by Klever Descarpontriez and Aneesa Khan
Last Sunday the 13th of December the news of a new ‘historic’, ‘landmark’, ‘once in a century’ international climate agreement infested the front page of all the major media outlets, especially praising the fact that the agreement was universal and legally binding. Many people seemed to forget that this wasn’t the first time all countries in the world had come together to address the climate crisis. As a matter of fact, we have had a universal legally binding instrument for climate change in place since 1992. Then, why was there so much hype about Paris in particular? Have we forgotten that this is an ongoing process, one that neither started nor ended in France last week?
The first part of this blog is an attempt to summarize the process of almost two and a half decades of negotiations. The second part aims to recap the process that took place in 2015 alone.
by Makiko Yoshida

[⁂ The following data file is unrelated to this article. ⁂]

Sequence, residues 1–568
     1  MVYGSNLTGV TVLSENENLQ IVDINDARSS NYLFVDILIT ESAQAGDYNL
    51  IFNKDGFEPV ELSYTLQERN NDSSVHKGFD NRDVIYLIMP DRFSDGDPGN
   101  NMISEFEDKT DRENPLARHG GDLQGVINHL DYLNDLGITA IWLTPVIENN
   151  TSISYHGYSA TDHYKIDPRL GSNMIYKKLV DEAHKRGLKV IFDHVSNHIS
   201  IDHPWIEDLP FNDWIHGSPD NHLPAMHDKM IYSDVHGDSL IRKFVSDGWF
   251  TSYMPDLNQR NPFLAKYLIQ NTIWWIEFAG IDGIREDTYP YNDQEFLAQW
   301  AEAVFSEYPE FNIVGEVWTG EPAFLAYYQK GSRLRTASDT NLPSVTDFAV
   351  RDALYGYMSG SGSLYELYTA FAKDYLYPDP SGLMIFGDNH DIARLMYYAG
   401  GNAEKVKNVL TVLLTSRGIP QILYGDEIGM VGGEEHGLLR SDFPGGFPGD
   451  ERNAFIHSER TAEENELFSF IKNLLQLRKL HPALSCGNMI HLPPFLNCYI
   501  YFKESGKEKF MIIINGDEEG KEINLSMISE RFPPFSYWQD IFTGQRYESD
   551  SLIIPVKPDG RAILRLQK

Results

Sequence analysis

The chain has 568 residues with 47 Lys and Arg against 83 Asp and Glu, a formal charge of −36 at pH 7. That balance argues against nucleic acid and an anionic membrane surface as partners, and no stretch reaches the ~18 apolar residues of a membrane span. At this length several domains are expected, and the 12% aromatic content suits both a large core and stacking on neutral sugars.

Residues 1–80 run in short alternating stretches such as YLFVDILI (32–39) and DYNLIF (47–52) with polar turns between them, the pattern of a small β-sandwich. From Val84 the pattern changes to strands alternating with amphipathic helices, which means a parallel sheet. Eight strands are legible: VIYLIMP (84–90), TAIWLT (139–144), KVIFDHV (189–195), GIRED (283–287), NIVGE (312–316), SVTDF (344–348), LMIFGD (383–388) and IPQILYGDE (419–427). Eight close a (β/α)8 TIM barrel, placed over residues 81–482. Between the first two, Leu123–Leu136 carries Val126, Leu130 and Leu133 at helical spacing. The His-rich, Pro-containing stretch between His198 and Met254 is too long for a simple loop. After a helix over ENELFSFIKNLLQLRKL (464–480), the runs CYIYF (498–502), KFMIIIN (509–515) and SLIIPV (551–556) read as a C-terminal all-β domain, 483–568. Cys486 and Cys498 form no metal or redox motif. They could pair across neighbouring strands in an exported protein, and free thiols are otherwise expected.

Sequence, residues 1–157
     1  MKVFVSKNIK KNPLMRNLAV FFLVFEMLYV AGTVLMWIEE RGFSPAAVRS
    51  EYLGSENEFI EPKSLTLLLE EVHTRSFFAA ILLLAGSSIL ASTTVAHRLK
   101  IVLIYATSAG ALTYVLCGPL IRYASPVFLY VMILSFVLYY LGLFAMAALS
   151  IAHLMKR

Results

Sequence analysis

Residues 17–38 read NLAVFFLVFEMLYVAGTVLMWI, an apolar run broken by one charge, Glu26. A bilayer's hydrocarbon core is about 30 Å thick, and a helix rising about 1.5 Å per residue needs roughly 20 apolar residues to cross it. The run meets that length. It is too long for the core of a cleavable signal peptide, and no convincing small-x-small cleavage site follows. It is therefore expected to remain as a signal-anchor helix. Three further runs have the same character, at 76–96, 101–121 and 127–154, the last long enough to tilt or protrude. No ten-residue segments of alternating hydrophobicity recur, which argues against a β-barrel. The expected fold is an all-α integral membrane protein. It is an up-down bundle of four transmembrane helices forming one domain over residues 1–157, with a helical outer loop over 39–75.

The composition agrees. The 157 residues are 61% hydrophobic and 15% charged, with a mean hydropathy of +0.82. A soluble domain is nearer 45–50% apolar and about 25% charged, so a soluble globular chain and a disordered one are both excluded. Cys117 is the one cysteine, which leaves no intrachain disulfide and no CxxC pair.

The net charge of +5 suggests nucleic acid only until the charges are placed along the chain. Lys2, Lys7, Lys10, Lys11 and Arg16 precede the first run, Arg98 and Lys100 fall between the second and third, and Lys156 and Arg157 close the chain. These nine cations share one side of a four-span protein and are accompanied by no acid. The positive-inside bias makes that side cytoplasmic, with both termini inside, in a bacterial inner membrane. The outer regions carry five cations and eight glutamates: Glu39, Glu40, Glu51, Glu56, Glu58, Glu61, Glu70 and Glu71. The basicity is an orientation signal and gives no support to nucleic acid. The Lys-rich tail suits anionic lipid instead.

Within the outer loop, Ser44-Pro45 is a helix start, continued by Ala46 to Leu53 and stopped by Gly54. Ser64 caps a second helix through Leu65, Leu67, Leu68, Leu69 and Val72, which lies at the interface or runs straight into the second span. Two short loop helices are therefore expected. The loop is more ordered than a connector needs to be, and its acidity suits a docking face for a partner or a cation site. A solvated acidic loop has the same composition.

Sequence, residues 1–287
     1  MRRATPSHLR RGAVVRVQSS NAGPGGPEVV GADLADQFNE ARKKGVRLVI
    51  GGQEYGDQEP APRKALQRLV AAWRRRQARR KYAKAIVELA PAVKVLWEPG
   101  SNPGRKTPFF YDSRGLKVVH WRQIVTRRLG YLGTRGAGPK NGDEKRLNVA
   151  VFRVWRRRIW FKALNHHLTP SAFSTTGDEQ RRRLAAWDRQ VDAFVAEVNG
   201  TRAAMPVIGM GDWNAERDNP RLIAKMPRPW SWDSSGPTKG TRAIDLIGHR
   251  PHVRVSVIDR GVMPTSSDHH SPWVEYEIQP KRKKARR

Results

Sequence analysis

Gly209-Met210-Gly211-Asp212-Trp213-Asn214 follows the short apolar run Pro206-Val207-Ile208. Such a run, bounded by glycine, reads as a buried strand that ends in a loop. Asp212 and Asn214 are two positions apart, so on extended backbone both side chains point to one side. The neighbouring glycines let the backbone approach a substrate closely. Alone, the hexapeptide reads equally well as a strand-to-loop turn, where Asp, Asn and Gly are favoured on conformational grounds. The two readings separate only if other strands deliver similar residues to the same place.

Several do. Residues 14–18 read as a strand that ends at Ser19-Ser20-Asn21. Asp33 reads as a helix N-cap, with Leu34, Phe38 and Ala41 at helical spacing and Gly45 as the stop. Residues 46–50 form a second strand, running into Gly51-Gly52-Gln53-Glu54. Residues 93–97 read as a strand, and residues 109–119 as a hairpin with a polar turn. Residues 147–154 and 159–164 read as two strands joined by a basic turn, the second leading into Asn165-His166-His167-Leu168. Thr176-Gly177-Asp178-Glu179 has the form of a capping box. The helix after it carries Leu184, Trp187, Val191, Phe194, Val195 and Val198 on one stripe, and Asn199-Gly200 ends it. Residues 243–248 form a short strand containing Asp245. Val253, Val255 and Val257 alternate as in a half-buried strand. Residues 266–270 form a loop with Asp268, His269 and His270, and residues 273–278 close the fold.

“We cannot accept starvation as a price for the success of this agreement,” Gurdial Singh Nijar of Malaysia, speaking on behalf of the Like Minded Group of countries.
The Paris Agreement was adopted under the United Nations Framework Convention on Climate Change (UNFCCC) after four years of work. The plenary was filled with applause and excitement for what many media broadcasted as “the adoption of global agreement to save the world.” Will the agreement save the world?
by Aneesa Khan
To be in a room for seven whole hours is arduous in itself. However, for that room to be one filled with painfully complacent idiots, the overpowering smell of corporate power, and sickeningly thundering applause? Well, that can only be described as torturous. Feelings along the lines of delirious levels of fury, profound misery and a fairly good amount of second-hand embarrassment for those in the room were inevitable and rampant.
By Kimberly Lopez Castellanos
For the whole two weeks while in Paris, I was on the outside. Since the beginning of the course, I felt the need to network, communicate, and spread the stories of activists; whether these activists were from the frontline communities or some of the many youth trying to create a platform for the undermined voices that needed to be heard.